Questions relating to charging orders and orders for sale
Litigation associate, Nikki Yates, discusses some of the common questions asked by those who are looking to obtain charging orders and orders for sale.
I own my own business. An ex-customer owes me a significant sum of money. I have a Court order for the sum owed but he still hasn’t paid me. I know he owns property in London. Can I place a charge on it?
If he has not paid in accordance with the Court order, you could apply to the Court for a charging order over his property (once you have confirmed he owns it by checking the title at the Land Registry). However, you should consider whether this is the best method of enforcement to recover the sum owed.
Whether a charging order is granted is at the Court’s discretion and they will consider all the circumstances. Generally, if the documents show that the debtor has failed to pay his debts when they were due, and he owns or co- owns the property that is to be charged, the Court will grant a charging order.
There are two stages of obtaining charging orders: the first is to obtain an interim charging order and the second: a final charging order. The procedure is set out in CPR 73. The interim charging order application can be made without notice to the debtor and is considered by the Court without a hearing. If all is in order, the Court will generally make an interim charging order (which should then be registered at the Land Registry against the title of the property) and will list a date for the final charging order hearing.
At the final hearing, the Court may do any of the following: make the final charging order, discharge the interim charging order, rule on any issues in dispute between the parties, or direct a trial of any issues and give directions.
Once I have the charging order, will he be forced to pay me?
Unfortunately, you will not automatically receive payment. A charging order means that the sum is secured against the debtor’s property, but there is no guarantee when you will receive those sums. You need to register the charging order against the title of the property at the Land Registry to protect your security.
When he comes to sell the property, the charge will need to be settled from the sale proceeds (providing there is sufficient equity once any other charges registered before yours have been paid).
I think he owns the house with his wife. Does that make a difference?
If the property is held jointly, you may still be able to obtain a charging order; although there are likely to be difficulties. On the assumption that the debt is his alone, the charging order will only apply to his share of the beneficial interest in the property. Whether you receive payment on a sale will depend even more on the level of equity in the property and amounts of any charges with priority over your charge.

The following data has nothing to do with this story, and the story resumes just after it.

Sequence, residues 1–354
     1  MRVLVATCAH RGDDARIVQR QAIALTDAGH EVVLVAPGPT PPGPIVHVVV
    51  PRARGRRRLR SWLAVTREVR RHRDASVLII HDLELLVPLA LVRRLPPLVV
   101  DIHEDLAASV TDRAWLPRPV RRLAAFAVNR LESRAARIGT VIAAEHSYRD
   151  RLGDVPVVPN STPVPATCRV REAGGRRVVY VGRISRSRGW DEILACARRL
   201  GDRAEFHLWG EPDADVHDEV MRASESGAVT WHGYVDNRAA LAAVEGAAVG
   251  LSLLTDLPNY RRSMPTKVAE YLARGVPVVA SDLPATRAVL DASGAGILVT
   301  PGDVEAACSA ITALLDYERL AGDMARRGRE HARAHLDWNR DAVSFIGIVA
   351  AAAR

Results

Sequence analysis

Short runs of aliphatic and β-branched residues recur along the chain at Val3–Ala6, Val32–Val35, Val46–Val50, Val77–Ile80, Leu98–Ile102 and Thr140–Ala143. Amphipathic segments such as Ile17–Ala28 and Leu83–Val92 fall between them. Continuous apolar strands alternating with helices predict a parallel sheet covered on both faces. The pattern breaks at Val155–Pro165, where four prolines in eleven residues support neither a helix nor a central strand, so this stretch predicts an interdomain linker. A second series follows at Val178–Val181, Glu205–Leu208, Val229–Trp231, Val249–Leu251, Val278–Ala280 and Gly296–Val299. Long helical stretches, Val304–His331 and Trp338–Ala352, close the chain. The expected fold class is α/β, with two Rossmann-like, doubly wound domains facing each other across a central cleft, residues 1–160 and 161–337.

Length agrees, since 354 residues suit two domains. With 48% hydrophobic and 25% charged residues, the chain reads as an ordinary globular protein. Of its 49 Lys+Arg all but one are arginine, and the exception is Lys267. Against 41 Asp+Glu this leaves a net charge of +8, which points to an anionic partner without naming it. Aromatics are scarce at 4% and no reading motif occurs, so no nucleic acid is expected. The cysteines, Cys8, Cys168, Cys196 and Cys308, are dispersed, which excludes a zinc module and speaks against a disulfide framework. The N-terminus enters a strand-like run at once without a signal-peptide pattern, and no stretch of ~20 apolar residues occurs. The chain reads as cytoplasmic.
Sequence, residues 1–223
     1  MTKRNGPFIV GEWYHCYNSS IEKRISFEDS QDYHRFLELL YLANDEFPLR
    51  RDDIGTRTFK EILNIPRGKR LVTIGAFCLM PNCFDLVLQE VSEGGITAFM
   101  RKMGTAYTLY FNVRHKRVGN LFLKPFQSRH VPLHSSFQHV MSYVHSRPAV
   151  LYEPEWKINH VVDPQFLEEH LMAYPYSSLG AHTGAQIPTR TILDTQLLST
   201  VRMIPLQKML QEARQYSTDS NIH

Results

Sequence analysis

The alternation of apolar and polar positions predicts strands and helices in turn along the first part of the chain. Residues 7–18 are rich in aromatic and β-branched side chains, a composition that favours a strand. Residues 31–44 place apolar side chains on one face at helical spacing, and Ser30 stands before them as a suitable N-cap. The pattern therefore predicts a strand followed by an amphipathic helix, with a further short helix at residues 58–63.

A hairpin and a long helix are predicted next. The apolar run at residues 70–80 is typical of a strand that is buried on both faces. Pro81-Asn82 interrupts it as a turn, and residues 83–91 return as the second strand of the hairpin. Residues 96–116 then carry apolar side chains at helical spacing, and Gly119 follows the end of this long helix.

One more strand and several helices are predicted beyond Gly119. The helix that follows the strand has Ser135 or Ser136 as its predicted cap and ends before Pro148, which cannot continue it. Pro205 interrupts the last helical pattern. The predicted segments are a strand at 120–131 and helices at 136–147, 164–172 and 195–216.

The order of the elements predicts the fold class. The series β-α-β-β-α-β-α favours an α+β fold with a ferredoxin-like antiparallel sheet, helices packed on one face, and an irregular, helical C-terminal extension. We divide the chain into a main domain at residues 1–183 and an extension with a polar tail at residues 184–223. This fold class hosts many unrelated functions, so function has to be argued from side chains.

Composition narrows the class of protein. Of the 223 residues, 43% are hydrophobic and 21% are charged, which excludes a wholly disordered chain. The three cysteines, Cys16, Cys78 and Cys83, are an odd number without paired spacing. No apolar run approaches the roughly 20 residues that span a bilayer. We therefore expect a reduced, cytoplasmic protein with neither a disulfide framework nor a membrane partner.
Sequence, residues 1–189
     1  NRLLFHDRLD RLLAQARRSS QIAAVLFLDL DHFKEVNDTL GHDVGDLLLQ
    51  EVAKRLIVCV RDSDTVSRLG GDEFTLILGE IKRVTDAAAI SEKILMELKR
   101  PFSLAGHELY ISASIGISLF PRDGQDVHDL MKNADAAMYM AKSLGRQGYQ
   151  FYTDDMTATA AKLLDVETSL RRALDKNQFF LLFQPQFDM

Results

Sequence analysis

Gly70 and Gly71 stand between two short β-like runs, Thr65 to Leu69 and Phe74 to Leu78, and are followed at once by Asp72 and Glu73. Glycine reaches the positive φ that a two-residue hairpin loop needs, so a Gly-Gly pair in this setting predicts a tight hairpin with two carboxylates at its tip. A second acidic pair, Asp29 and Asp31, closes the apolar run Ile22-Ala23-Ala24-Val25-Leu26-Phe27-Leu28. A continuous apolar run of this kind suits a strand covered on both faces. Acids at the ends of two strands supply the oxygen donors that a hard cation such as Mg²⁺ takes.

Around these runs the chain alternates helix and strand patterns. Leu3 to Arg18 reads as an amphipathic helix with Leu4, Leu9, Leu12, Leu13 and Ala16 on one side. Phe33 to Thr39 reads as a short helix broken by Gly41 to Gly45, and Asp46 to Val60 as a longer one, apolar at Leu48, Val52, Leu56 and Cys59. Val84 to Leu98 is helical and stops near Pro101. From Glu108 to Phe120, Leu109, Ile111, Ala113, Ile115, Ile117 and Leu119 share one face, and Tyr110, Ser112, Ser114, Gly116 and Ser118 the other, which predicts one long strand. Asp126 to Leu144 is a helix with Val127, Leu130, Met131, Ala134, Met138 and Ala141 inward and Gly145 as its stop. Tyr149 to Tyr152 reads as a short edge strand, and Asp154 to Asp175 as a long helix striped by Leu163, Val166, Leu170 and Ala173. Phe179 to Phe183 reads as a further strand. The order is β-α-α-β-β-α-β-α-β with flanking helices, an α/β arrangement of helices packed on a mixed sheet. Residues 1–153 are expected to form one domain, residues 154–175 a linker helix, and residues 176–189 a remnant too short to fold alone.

I doubt he is planning to sell the house any time soon. Can I force the sale of his family home?
You could apply to the Court for an order for sale of the property to force a sale at any time. This is only worth doing if there is sufficient equity in the property to satisfy all charges, including yours. You should consider market conditions when contemplating the timing of forcing a sale.
An application for an order for sale is made under Part 8 of the CPR and a copy of the charging order and any other written evidence must be filed with the claim form. The Court will then list a date for the hearing.
The Court will consider whether to make the order for sale at a hearing, taking into account all the circumstances, including any prospect of the debt being paid by other means, the size of the debt (an order will not normally be granted where the debt is relatively small compared to the value of the asset) and who occupies the property, particularly whether children live there.
If the property is jointly owned, the Court will consider the impact on the co-owner being forced to sell their interest in the property against the impact on you if the property is not sold to pay the sum owed.
What happens if I do obtain an order for sale?
The debtor will be given a final opportunity to pay the sum due and the order will set out the date by which he must make payment. The order will also set out what happens if he does not pay i.e. that the property can be sold and for what price). The order will also set out other practical details, such as who has conduct of the sale (usually the creditor/their solicitor) and when the debtor must give up vacant possession of the property.
Will I get my money first?
The proceeds of sale must be allocated in the following order:
- Costs and charges of sale.
- Charges with priority (i.e. any mortgage/s).
- If the property is jointly owned, the co-owner receives their share.
- You get the sum owed to you.
- Any balance goes to the debtor.
As there will be other charges payable before the sum owed to you, it is imperative to check whether there will be sufficient equity in the property to settle the sum owed prior to pursuing this route.
How long will it take?
How long the whole process will take depends on many factors, but one certainty is that this is not a fast enforcement process. Not only do you have to go through the Court procedure for obtaining an interim and final charging order, you then have to make an application to the Court for an order for sale and wait for a Court hearing date to be listed. This process is likely to take several months, at the very least.
Once you have obtained the order for sale, you then have to go through the process of selling the property. Much will depend on the location and state of the property, as well as the market at that time as to how long the process takes from the point of receiving a suitable offer for the purchase of the property through to completion.
This article by Nikki Yates first published by Practical Law Property Litigation.